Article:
Long exposures are exelent for moving ocean waters splashing against rocks. The longer exposure = the more misty the scene looks.

Long exposures are excellent for moving ocean waters splashing against rocks. The longer exposure = the more misty the water will looks A lot of people use an ND400 Filter for long exposures during the day. It allows 30 second+ exposure times.

Long exposure, during the day. Silver Falls, Oregon. Taken with an IR filter.

Long exposures of waterfalls create that smooth/soothing effect. Silver Falls, Oregon. This looks blue and white because it was taken with an Infrared Filter attached to my camera lens.

Manual blend of 2 exposures. 20 seconds for the water and 5 seconds for the sky. The long exposure is made possible by the use of a ND400 filter.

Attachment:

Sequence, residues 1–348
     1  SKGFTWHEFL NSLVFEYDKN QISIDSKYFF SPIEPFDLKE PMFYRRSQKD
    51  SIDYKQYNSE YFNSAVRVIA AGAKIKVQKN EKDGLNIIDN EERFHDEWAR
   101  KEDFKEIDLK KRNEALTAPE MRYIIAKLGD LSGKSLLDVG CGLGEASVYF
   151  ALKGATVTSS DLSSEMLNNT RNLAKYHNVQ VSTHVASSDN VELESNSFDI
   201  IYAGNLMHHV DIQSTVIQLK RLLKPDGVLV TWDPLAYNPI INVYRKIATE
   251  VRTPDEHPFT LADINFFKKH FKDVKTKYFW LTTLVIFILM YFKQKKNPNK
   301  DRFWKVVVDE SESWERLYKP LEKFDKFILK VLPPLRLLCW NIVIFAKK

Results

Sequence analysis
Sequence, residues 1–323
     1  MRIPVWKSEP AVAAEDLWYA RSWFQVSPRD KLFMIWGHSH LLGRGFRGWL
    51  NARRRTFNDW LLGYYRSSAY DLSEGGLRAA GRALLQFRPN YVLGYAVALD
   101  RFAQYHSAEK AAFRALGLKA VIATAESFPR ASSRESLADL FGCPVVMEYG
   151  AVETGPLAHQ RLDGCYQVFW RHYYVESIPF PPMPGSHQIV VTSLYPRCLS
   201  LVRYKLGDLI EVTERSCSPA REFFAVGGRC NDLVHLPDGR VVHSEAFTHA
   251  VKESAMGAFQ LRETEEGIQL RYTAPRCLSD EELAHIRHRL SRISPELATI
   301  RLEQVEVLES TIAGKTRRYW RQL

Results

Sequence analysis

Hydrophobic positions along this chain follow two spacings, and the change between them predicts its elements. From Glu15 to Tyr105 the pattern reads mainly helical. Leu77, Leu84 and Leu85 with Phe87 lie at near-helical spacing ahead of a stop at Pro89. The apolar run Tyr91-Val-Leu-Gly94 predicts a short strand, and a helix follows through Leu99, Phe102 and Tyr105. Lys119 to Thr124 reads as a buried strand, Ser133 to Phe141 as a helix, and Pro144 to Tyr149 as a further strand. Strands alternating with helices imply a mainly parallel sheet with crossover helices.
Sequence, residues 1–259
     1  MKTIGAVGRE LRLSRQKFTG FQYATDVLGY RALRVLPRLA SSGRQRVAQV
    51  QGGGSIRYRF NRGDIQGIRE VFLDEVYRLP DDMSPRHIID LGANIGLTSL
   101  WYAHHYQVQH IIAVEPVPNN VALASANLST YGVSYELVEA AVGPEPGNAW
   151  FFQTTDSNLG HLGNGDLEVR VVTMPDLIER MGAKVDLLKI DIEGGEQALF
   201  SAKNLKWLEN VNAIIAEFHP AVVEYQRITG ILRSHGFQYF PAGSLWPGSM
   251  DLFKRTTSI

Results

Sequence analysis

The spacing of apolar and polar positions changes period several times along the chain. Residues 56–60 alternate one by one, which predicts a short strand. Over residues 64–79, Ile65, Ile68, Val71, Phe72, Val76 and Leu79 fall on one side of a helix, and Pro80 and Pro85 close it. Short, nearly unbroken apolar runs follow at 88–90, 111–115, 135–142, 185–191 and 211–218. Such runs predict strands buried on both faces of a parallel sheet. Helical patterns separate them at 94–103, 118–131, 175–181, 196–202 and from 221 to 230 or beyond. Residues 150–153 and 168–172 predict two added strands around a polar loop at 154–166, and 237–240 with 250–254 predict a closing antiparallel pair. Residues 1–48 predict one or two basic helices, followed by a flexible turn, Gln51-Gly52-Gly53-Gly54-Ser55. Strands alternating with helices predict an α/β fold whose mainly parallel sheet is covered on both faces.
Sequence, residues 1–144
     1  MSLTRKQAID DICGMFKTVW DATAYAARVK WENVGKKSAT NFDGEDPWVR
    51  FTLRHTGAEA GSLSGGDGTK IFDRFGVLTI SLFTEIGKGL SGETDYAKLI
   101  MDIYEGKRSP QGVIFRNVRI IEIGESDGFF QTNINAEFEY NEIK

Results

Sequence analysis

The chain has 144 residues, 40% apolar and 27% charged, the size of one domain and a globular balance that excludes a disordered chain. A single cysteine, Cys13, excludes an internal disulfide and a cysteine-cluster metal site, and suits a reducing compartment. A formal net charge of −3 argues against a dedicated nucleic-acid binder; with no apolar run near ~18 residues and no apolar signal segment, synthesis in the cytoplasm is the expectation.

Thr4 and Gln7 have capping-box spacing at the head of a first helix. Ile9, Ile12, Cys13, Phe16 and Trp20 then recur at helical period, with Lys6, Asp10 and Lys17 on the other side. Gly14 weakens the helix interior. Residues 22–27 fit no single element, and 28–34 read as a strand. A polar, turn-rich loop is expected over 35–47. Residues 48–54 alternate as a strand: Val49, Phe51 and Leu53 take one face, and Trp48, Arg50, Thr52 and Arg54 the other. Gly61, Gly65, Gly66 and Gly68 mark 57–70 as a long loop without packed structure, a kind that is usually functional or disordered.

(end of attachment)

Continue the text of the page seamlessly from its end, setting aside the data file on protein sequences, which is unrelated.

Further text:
Manual blend of 2 exposures. 20 seconds for the water and 5 seconds for the sky. The long exposure is made possible by the use of a ND400 filter.

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Star Trails

These are a great challenge, and the best part is, you don't know what the photograph will look like until after you've taken it. You will need to have your camera on a tripod, manually focus to infinite, use the widest aperture you can and a low ISO. If you want to take 20+ minute long exposure, you will need to buy a cable release made for your specific DSLR. However, taking super long exposures can cause a lot of noise in images. An alternative wave to doing star trails is to take a bunch of 30 second exposures and then overlap all the images on your computer using a program called Startrails. There is a minor drawback to this method: for every 30 seconds of an exposed photo, there is a 1-2 second time period where the camera isn't taking an exposure. This makes it so there are little tiny spots not visible in your star trail. It is a very minor drawback, but ultimately it is a better method because there isn't as much noise.